Camisha Russell

Camisha Russell


Courses: Critical Reasoning, The Hunger Games and Social Philosophy, Medical Ethics, Ethics, Philosophy and Race, Social and Political Philosophy

In my courses you will:

  • Interact during exciting, participatory class meetings.
  • Explore new perspectives.

I was invited into the Teaching Academy because:

  • I participated in the UO Summer Teaching Institute.

In what ways are you working to make your teaching inclusive?

I take pride in developing syllabi that put standard or canonical philosophical texts in conversation with more recent interventions from feminists, critical philosophers of race, and other figures whose perspectives challenge both that canon and my students’ own assumptions about how the world works. I have, for example, taught feminist critiques of traditional ethics, racial critiques of social contract theory, the need for consideration of social context in bioethical debates, and the interventions of women and people of color as a key feature of contemporary philosophy. Far from distracting from standard philosophical issues, these interventions help to illuminate the standard issues and show their relevance to our everyday lives.

What do you do in terms of professional engagement with the teaching and learning culture on campus or nationally?

I participated in the Difference, Inequality, and Agency pathway at the 2018 UO Summer Teaching Institute. I have attended conference sessions on accessibility issues in higher education. I have also been trained in group-based cooperative learning techniques.

In what ways was your teaching in this course research-led—informed by research on how students learn and inflected by UO's research mission?

My teaching interests and approaches are deeply connected to my research interests and my professional service commitments. Though philosophy is a rich and fascinating field full of powerful intellectual tools for criticizing the social and political status quo and for crafting new pluralist visions of justice and emancipation, the discipline finds itself with a poor record of inclusion with respect to racial, ethnic and gender minorities. I am committed to increasing the diversity of both the discipline itself and its areas of concern, and to showing students of all backgrounds the transformative potential of philosophical work. I also take very seriously and try to learn from research on how students succeed and grow. On that basis, I work to minimize lecture in my courses and maximize the time students working through and reflecting on texts and concepts individually or in small groups.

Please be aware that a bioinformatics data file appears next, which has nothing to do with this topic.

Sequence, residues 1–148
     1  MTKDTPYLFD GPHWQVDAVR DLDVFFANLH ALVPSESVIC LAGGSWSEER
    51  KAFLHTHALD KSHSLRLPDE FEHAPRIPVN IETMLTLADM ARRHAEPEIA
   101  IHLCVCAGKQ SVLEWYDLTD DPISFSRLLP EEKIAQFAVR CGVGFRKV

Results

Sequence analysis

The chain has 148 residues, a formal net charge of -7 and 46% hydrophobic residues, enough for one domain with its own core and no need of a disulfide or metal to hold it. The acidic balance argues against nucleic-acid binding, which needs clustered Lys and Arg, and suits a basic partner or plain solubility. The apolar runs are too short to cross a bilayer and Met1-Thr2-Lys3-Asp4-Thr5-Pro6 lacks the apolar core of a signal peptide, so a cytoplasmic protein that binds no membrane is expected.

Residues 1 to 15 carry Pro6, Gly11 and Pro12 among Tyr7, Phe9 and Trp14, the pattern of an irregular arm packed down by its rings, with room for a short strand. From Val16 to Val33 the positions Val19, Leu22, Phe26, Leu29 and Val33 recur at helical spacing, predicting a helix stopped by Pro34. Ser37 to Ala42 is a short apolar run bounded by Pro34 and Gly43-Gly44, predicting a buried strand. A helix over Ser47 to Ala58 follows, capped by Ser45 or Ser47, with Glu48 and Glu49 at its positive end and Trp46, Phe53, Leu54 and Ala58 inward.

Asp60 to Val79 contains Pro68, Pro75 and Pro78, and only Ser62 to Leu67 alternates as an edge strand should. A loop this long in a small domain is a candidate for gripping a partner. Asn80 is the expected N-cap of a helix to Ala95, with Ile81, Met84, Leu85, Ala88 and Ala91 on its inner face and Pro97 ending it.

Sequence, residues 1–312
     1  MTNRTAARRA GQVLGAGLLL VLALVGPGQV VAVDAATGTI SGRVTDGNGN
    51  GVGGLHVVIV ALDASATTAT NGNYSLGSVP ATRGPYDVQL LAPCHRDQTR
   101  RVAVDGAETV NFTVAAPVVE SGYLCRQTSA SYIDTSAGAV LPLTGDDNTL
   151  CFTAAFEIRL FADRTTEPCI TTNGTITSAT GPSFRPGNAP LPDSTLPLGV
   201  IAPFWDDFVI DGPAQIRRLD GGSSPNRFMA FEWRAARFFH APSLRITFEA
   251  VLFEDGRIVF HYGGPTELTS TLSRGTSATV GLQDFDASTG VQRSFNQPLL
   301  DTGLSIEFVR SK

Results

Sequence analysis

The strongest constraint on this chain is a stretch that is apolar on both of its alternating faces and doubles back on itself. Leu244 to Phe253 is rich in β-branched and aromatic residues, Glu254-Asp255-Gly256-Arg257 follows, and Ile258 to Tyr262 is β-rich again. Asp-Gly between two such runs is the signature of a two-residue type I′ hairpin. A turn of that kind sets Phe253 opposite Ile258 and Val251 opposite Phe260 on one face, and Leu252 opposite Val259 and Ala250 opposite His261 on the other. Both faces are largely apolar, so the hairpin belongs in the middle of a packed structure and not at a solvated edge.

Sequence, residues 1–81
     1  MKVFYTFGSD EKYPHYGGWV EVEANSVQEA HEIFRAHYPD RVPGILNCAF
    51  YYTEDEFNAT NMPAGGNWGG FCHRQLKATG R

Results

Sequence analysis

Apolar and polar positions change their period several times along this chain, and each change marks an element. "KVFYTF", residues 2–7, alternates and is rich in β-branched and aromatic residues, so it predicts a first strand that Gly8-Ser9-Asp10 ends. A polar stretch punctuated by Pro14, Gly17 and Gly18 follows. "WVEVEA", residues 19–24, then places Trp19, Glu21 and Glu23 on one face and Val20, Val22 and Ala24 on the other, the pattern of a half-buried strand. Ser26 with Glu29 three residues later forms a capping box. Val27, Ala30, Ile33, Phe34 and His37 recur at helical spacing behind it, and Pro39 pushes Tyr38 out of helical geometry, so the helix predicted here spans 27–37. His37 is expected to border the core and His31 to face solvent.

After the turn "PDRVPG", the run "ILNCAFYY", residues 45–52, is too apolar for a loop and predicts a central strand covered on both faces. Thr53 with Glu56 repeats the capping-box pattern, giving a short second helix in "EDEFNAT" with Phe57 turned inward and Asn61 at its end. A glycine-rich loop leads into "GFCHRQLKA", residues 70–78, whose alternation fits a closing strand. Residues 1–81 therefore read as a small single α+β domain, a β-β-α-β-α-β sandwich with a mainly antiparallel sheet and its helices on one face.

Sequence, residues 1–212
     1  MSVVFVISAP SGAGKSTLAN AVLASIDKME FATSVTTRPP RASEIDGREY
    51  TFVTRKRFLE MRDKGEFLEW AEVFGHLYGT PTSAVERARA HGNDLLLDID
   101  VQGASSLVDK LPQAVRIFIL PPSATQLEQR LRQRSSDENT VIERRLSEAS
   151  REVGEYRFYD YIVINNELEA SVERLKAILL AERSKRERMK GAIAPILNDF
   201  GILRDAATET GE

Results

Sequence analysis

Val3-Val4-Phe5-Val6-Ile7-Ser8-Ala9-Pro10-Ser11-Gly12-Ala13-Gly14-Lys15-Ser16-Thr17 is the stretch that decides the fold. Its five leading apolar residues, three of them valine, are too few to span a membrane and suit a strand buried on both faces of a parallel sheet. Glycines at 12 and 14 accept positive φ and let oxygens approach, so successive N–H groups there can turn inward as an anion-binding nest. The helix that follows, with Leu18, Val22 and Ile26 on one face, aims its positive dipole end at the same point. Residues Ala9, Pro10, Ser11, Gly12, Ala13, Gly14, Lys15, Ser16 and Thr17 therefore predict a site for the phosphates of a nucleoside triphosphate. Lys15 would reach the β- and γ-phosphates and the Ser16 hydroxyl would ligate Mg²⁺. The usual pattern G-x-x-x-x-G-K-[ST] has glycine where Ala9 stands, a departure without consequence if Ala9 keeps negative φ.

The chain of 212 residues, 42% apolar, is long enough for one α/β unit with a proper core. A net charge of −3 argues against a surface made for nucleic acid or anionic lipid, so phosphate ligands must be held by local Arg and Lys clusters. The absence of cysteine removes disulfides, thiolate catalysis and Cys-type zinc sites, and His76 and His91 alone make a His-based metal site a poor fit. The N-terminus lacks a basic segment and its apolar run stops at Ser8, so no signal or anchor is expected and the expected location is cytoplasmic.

Who or what led you to this discipline?

Or what is the most inspiring or exciting thing about your field of study? Or how does your field of study enrich people’s lives? As a black woman working in Critical Philosophy of Race, I consider myself both a product and an agent of a necessary transformation taking place within the field of philosophy. My own decision to pursue graduate studies in philosophy came in large part from my participation in the Rutgers Summer Institute in Philosophy for Minority Students in 2000. This week-long program, which I attended the summer after earning my BA, introduced me to various areas of philosophical study, allowed me to interact with undergraduates, graduate students and professors working in these areas, and gave me a genuine sense of what graduate school and a subsequent career in philosophy might look like. It also introduced me to the professor who became my dissertation advisor. I am committed to doing all I can to increase the diversity of both the discipline’s members and its areas of concern. I also seek to increase the general sense of philosophy’s relevance to the lives and experiences of diverse people and populations.

Who had the most influence on you growing up?

My mother was the most influential person in my life. She was fun and loving and devoted to me. She was a wonderful listener, a moral exemplar, and exceptionally brave in a very quiet sort of way. She died in 2010, but lives on in the memories of all those who loved her, in the person and parent that I am today, and in my first book, which she influenced in subtle ways and which is dedicated to her.